Number Three Issue: Training explained - Getting started.
Now with my previous post on CNS and hypertrophy done and dealt with, I can move on to the start of my favourite part of any long-assed thread - TRAINING!!!!
Yes, I will now bestow upon you the infinite knowledge of a hundred grandmasters!!! No, I'm just bulling.
If you've read through my previous 2 posts, you'd understand or deduce to a certain degree that I am in fact your average joe who believes that lifting bigger = getting bigger, and not getting bigger = lifting bigger. Yes, there's a huge world of difference in those 2. This isn't math mind you. There're a 1001 arguments on this though, but I couldn't give a rats ass, because this is my thread and I'm the one who's gonna brainwash you into listening to whatever I say. So stfu, sit tight, and get some popcorn! Oh wait, that was a trick. YOU SHOULDN'T EVEN BE EATING POPCORN RIGHT NOW!
Anyway, I'll cut the crap and just say this blatantly. You're not a bodybuilder, amateur or professional. You don't use steroids nor are you rich enough to afford the hundreds of supplements that'll let you grow like those genetic monsters out there. You are, an average person. You're not special. Maybe you are, applause, but that's not entirely my concern. So stop doing so many exercises, because you don't need them, unless your athletic coach or you're a national athlete and your coach says otherwise, because I can't beat them.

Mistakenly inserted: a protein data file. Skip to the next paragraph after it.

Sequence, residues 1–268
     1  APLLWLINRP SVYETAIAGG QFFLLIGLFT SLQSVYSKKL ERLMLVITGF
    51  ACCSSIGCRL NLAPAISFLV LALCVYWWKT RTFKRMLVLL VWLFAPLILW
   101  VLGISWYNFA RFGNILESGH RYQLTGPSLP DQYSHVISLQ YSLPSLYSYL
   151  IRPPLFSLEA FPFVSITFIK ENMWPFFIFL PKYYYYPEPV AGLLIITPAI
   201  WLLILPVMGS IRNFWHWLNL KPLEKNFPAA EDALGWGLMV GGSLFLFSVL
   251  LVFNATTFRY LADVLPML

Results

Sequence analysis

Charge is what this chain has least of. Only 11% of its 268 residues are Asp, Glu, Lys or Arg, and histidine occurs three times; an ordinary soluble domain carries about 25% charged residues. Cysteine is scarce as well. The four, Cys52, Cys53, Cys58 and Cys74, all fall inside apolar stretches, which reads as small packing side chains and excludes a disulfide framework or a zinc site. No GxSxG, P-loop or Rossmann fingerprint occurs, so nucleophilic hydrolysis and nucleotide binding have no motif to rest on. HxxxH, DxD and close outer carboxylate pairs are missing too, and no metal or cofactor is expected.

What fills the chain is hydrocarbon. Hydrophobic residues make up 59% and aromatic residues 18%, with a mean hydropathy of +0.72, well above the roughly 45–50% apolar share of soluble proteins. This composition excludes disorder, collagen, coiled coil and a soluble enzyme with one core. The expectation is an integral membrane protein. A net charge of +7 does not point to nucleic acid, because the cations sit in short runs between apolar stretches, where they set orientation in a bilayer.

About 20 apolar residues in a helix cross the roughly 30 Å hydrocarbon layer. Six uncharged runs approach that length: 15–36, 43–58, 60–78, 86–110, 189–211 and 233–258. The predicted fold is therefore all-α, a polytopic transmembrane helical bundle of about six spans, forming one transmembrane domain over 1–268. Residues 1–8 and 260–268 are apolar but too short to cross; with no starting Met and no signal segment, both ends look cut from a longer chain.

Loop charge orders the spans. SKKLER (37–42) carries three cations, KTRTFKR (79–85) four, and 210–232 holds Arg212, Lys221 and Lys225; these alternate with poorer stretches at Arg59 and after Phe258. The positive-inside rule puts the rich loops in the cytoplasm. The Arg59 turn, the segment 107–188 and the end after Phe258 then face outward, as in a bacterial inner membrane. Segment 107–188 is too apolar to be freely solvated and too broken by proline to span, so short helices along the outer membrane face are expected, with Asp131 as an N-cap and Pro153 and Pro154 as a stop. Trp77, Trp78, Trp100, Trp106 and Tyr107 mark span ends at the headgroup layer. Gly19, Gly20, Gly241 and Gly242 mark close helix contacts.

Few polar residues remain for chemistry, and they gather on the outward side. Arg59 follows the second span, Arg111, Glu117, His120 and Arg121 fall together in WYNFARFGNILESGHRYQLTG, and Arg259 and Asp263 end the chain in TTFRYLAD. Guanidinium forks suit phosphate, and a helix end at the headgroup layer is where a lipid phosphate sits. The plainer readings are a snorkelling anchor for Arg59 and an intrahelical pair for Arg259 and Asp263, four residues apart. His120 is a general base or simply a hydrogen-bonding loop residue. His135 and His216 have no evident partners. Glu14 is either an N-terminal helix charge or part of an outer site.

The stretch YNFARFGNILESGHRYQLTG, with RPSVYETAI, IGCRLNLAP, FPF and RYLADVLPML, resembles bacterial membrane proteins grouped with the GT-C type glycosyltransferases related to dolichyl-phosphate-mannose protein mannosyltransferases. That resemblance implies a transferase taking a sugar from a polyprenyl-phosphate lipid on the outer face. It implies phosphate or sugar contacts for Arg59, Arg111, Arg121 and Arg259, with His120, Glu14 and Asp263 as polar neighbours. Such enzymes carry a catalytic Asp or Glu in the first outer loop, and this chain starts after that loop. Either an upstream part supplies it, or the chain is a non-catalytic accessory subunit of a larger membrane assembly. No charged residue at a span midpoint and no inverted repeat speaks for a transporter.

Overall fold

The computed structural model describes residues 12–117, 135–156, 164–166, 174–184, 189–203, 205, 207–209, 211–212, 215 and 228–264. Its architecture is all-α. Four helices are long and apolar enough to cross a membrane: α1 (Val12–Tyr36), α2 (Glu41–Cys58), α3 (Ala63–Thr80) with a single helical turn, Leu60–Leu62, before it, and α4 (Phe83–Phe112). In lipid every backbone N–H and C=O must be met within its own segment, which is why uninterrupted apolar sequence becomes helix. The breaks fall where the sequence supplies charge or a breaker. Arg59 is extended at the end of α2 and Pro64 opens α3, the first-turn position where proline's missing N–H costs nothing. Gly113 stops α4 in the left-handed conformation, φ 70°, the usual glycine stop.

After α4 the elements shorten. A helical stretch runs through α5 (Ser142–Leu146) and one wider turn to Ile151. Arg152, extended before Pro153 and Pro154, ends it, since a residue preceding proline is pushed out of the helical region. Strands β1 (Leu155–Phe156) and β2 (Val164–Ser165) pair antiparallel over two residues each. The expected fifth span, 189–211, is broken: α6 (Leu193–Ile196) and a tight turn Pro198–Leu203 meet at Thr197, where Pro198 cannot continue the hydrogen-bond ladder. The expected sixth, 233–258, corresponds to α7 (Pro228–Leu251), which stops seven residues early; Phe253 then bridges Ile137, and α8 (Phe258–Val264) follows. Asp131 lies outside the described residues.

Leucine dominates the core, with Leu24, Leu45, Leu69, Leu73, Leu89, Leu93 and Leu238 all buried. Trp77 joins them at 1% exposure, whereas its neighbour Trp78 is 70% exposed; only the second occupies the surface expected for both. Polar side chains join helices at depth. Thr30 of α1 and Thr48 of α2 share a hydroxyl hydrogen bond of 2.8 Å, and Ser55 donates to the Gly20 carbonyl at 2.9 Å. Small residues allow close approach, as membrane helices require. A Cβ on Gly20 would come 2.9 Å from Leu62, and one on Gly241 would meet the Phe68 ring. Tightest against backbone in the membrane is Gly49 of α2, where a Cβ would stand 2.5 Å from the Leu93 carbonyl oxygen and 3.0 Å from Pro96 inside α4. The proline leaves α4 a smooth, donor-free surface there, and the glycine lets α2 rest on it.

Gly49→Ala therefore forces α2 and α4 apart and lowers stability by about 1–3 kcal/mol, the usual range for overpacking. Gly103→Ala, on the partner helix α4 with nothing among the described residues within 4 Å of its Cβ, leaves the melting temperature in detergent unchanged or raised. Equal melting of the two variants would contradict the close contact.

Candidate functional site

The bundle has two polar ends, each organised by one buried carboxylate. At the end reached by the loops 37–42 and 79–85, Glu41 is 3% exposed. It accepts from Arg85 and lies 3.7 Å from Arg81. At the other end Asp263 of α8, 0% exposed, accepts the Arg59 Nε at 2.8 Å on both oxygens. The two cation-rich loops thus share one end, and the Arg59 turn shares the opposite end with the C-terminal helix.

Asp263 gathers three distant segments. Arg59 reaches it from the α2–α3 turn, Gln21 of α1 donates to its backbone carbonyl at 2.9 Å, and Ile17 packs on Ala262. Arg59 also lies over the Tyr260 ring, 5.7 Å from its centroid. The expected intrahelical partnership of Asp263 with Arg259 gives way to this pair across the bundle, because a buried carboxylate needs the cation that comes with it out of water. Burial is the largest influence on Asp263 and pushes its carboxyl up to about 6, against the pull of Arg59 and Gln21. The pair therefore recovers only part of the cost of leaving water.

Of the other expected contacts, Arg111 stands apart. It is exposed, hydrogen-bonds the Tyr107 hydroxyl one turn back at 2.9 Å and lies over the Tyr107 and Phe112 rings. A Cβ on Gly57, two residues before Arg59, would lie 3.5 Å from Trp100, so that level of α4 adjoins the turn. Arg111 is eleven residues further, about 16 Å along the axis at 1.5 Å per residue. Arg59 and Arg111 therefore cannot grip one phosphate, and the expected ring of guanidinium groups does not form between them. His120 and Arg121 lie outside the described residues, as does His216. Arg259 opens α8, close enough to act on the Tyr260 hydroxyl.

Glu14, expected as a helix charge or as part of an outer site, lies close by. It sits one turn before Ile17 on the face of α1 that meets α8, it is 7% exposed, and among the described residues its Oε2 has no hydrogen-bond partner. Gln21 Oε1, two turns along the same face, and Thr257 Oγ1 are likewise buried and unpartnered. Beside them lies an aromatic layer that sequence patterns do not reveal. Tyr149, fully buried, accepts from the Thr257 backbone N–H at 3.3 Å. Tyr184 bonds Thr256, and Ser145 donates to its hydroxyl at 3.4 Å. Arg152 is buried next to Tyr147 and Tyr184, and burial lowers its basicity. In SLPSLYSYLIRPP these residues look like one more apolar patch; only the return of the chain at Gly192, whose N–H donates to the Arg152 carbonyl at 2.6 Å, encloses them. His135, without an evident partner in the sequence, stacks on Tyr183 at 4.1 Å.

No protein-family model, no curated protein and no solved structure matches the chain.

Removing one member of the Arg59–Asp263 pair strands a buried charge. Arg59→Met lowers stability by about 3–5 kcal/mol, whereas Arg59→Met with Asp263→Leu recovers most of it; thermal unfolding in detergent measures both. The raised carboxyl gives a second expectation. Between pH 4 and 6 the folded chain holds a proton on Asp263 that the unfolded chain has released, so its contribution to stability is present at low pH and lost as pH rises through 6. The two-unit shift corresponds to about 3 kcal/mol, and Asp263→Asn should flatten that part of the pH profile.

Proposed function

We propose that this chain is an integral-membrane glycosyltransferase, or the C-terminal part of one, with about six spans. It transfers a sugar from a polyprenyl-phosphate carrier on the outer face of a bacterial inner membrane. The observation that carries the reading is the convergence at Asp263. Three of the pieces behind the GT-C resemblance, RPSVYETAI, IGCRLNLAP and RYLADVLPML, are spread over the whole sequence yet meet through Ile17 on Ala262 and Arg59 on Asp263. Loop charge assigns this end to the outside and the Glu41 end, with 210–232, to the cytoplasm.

You don't need to do fancy exercises. You know what I'm talking about. Because quite many of you are guilty of it. Why're you behaving like a pro lifter/bodybuilder and doing concentrated curls with 7.5kg weights? Why're you hauling your ass around doing all those weird pull-ups when you're not a rock-climber or what not? Have you been mesmerised by the male models on Men's Health doing all those exercises? Do you see anyone else other than yourself doing that? I highly doubt that. I'm sorry if i sound arrogant when it comes to this but it PISSES me and a lot of other people off when you do all that crap and pretend like you own the gym. Your ego is probably bigger than your head.